The government estimated in 2012 that the public are still owed some 25 trillion roubles ($785 billion) in lost Soviet savings. Source: ITAR-TASS
Russia's Finance Ministry has submitted a new proposal to the government that would slash the compensation payments promised to Soviet savers who saw their deposits wiped out in the 1990s, according to a report in Kommersant newspaper Wednesday.
The proposed changes would overturn a law passed in 1995 by then-president Boris Yeltsin that committed the Russian state to a program of issuing new government bonds in compensation for lost deposits.
Russia has paid some of the external and internal debts that were bequeathed to it by the collapse of the Soviet Union, but the total figure, which runs into trillions of roubles, is widely acknowledged to be too large to ever be returned.
The bulk of the money affected by the Finance Ministry’s proposal was originally placed in former national savings bank Sberbank (315 billion Soviet roubles), and former state insurance agency Rossgosstrakh (about 29 billion roubles), according to Kommersant.
To qualify under the 1995 law, savers’ cash must have been deposited before October 20, 1991; the moment the radical market reforms were announced that triggered hyperinflation and wiped out the savings of millions of Russians.
But if payouts were to be made today at the level promised by Yeltsin in 1995 it would cause a financial “catastrophe,” according to the Finance Ministry, and require a six-fold increase in state debt to 29.6 trillion roubles ($900 billion), Kommersant reported.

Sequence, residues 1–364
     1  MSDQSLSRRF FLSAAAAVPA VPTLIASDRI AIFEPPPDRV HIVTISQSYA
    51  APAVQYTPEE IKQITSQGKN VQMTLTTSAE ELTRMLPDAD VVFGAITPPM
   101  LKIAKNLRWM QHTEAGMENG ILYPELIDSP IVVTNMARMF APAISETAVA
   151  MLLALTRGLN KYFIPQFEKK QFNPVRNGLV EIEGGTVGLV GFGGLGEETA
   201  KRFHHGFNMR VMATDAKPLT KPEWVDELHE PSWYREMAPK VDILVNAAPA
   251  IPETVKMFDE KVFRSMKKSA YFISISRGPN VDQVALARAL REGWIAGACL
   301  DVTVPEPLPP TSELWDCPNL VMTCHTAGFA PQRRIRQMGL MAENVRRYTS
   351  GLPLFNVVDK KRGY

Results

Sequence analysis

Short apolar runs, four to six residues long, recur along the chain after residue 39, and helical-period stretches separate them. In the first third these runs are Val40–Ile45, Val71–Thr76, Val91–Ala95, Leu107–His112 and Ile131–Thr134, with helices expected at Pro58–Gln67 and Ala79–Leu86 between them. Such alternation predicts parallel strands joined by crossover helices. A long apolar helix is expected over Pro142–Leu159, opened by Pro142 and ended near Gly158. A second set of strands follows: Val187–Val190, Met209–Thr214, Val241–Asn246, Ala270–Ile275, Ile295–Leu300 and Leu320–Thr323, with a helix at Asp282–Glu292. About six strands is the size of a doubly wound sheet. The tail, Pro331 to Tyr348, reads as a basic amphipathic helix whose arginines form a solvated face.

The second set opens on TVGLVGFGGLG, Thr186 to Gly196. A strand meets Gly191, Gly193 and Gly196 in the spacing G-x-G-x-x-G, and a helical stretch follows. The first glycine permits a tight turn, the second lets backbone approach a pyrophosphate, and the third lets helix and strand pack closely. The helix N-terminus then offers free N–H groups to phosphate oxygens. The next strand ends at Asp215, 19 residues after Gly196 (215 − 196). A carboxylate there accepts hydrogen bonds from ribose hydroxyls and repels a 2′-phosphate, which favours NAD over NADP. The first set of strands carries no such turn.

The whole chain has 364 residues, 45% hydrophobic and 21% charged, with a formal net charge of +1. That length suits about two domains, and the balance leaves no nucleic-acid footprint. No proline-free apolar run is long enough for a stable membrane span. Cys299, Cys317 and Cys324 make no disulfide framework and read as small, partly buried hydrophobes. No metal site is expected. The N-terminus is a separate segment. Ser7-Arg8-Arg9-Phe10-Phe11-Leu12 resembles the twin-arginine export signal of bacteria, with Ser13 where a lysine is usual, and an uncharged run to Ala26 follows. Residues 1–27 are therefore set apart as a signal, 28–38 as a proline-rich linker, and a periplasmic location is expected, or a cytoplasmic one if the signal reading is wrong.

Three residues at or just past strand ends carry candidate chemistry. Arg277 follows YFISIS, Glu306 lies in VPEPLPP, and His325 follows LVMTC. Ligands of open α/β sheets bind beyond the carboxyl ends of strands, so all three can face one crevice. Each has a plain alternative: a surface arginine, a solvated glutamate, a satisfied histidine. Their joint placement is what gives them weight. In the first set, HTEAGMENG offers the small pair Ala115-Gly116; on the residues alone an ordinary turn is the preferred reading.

Instead, the Ministry is proposing to use a lower coefficient for calculating the size of payouts (four modern roubles for one Soviet rouble rather than 85 modern roubles for one Soviet rouble), and abolish the open-ended commitment made by Yeltsin, finishing all payments by 2020, according to the newspaper.
Under the proposed scheme, the Finance Ministry will pay out 340 billion roubles ($10.3 billion) until 2020, an expenditure that is already priced into the government’s budget calculations, Kommersant reported.
All other government ministries have agreed with proposal, Kommersant said, apart from the Economic Development Ministry, which argued the payouts under the plan were too low.
“We see the news as marginally positive, as it will effectively close this long-lasting issue with vintage USSR debt,” analysts from Bank of America Merrill Lynch in Moscow said in a research note Wednesday.
Unlike other ex-Soviet states that only compensated their citizens for a fraction of what they lost during the turmoil of the end of the Soviet Union, Russia pledged to pay back everything. The government estimated in 2012 that the public are still owed some 25 trillion roubles ($785 billion) in lost Soviet savings, Bloomberg reported.
Last July, the European Court of Human Rights ordered the Kremlin to pay compensation to Russian pensioner Yury Lobanov for government bonds he bought in 1982.
First published in RIA Novosti.
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